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Intimate care

The purpose of the links within this page is to set out a framework within which staff who provide intimate care to children with additional support needs can offer a service and an approach which acknowledges the responsibilities and protects the rights of everyone involved. The additional support needs of children and young people might arise from a variety of reasons, including learning disabilities, physical, visual, hearing or speech and communication impairments. These children and young people may attend all phases of education and types of setting including those designated as both mainstream and special.

Intimate care can be defined as any care which involves washing, touching or carrying out a procedure to intimate personal areas which most people usually carry out themselves but some pupils are unable to do because of their young age, physical difficulties or other special needs. Examples include care associated with continence and menstrual management as well as more ordinary tasks such as help with washing, toileting or dressing.

It is the responsibility of schools to develop their own policy and procedures in partnership with staff, pupils, parents and other members of the school community. Bladder & Bowel UK and ERIC have developed guidance to support settings with this: ‘Managing Bladder and Bowel Issues in Nurseries, Schools and Colleges Guidance for School Leaders, Proprietors, Governors, Staff and Practitioners’ . Both charities have a wealth of information of relevance to those working with and caring for children and young people.

The convention on the Rights of Child states that all children are entitled to:

  • Privacy (article 16)
  • Good quality health care (article 24)
  • Those who have any kind of disability have the right to special care and support so that they can live full and independent lives (article 23)

All adults who work with and on behalf of children and young people are accountable for the way in which they exercise authority, manage risk, use resources and safeguard children and young people.

This means that adults should:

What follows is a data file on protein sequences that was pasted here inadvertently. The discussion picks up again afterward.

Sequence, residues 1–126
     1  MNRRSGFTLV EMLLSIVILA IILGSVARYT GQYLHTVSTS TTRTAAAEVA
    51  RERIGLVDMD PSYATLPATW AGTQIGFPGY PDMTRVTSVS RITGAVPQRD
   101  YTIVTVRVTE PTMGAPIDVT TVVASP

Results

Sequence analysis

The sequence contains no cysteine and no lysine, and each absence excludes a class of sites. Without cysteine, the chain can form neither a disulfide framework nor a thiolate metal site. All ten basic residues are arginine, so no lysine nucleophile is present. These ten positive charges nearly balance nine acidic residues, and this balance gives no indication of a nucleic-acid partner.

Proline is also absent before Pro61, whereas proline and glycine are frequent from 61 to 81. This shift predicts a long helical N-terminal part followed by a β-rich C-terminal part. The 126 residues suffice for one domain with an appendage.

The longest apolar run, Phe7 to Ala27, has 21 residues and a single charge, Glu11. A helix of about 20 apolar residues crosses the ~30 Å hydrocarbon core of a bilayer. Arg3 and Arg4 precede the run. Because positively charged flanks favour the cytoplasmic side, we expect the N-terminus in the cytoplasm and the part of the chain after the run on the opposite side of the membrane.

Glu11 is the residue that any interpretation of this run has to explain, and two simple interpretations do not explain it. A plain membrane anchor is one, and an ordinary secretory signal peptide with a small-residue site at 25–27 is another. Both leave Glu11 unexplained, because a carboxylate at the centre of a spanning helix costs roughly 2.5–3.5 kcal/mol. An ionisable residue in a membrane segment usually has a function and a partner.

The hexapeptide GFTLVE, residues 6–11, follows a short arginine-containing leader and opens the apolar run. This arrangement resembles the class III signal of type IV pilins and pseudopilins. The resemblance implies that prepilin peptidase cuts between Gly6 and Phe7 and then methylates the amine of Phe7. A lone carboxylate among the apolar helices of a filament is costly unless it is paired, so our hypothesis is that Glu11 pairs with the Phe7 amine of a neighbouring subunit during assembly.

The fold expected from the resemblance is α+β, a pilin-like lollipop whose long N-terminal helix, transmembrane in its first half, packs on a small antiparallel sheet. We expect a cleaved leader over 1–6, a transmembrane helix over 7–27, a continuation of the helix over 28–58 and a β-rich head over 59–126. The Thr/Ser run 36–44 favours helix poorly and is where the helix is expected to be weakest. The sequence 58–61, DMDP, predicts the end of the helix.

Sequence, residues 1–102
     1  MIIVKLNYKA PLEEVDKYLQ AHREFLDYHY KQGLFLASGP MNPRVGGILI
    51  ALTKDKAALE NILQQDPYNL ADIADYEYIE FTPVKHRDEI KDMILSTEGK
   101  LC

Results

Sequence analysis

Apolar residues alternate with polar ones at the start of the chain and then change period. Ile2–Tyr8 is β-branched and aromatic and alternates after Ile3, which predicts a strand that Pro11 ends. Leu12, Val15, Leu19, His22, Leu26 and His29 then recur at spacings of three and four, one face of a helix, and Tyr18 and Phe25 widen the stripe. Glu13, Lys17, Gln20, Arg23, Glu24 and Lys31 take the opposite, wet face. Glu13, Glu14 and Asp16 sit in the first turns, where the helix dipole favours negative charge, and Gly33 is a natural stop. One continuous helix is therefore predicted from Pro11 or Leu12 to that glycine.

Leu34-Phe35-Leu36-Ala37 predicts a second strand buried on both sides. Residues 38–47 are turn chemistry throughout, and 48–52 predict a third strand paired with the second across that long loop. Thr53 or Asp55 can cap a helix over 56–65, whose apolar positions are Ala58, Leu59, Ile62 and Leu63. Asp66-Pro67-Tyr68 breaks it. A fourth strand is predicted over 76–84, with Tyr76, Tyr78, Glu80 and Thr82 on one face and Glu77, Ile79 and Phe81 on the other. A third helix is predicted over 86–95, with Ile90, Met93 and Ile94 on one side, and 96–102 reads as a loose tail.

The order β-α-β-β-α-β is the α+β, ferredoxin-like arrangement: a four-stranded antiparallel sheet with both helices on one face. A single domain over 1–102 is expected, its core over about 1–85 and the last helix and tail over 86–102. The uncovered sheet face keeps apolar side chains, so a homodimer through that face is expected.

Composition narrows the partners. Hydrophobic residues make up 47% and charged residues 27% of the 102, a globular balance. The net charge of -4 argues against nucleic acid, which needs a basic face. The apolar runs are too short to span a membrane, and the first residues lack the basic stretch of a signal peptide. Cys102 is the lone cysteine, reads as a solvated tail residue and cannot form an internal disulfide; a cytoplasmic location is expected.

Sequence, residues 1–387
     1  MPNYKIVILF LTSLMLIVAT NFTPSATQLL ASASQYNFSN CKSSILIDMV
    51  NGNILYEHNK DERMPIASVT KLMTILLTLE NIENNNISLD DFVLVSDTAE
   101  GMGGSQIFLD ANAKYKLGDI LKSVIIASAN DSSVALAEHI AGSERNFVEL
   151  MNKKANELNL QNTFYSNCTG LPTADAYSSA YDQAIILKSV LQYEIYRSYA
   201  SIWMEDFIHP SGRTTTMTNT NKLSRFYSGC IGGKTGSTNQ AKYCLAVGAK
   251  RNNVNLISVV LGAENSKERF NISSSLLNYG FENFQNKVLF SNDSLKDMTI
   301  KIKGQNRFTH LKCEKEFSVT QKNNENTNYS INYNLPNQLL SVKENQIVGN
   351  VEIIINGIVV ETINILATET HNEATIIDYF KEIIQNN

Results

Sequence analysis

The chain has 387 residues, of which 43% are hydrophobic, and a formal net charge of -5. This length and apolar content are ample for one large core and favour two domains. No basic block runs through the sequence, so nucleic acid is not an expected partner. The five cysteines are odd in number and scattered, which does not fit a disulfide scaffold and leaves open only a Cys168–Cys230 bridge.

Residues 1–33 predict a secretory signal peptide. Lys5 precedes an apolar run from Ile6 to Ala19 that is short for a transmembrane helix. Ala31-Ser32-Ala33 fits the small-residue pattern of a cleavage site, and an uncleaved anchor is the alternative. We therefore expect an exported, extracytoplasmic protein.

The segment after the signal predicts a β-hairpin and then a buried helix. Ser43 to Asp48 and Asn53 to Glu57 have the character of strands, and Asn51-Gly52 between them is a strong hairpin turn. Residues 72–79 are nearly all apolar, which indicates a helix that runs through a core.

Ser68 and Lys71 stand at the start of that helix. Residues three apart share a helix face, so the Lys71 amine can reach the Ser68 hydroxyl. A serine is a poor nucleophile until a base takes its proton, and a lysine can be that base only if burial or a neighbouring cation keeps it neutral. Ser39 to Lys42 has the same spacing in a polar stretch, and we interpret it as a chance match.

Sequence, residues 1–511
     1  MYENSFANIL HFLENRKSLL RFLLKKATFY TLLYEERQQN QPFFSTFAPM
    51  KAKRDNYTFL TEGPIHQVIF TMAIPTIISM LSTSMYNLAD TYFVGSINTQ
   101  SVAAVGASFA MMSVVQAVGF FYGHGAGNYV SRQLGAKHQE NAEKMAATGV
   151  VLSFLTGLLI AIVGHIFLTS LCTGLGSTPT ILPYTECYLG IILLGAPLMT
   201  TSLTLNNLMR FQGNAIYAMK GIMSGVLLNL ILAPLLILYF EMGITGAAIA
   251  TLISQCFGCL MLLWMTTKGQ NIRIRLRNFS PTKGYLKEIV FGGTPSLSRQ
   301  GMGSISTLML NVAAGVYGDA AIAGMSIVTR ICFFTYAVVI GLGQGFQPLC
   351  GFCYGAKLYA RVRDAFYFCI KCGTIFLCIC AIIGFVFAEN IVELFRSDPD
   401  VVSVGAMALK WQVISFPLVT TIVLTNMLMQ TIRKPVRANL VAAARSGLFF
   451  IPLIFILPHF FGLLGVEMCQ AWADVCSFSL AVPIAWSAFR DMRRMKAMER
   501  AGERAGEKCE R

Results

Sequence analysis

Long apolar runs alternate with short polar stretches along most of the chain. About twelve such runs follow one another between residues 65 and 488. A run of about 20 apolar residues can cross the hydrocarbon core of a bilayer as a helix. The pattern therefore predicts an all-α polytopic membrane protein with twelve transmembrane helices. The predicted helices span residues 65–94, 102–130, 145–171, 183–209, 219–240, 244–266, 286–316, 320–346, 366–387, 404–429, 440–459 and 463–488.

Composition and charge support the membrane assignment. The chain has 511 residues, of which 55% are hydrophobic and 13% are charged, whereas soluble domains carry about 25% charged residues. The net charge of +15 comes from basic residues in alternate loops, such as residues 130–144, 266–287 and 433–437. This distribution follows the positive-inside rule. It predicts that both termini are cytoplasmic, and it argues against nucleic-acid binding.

• Understand their responsibilities, which are part of their employment or agreed role.
  • Always act, and be seen to act, in the child’s/young person’s best interests.
  • Avoid any conduct which would lead any reasonable person to question their motivation and intentions.
  • Take responsibility for their own actions and behaviour.

The Children Act 2004 places a duty on organisations, including schools and settings to safeguard and promote the welfare of children and young people. This includes the need to ensure that all adults who work with or on behalf of children and young people are competent, confident and safe to do so. It follows that the duty of care is exercised through the behaviour of the adult, whom at all times should demonstrate integrity, maturity and good judgement. Keeping children safe in education sets out sets out the legal duties that must be followed to safeguard and promote the welfare of children and young people under the age of 18 in schools and colleges.

The School admissions code (Department of Education, 2014) states that it is for admission authorities to formulate their admission arrangements, they must not discriminate against or disadvantage disabled children or those with special educational needs. This is in line with the Equality Act 2010 and the SEN and Disabilities Code of Practice of 2014 which state that a person has a disability if they have a physical or mental impairment, which has a substantial and long term adverse effect on that person’s ability to carry out day to day activities. It is not acceptable to refuse admission to school to children who are delayed in achieving continence. Education providers are required to make reasonable adjustments for pupils and staff who have a disability. This duty covers all areas of education including schools, colleges and universities. The Department for Education (DfE) has published guidance to help schools understand their responsibilities under the Equality Act 2010.

Employers also have a duty of care towards their employees, both paid and unpaid, under the Health and Safety at work act 1974. Guidance for schools can be found here. The Human Rights Act 1998 and Equality Act of 2010 set out important principals regarding the protection, equal opportunity and treatment of both paid and unpaid adults. Employers have a duty of care to protect employees from violence and aggression in the workplace.

The attached example template documents should be adapted and personalised for the setting.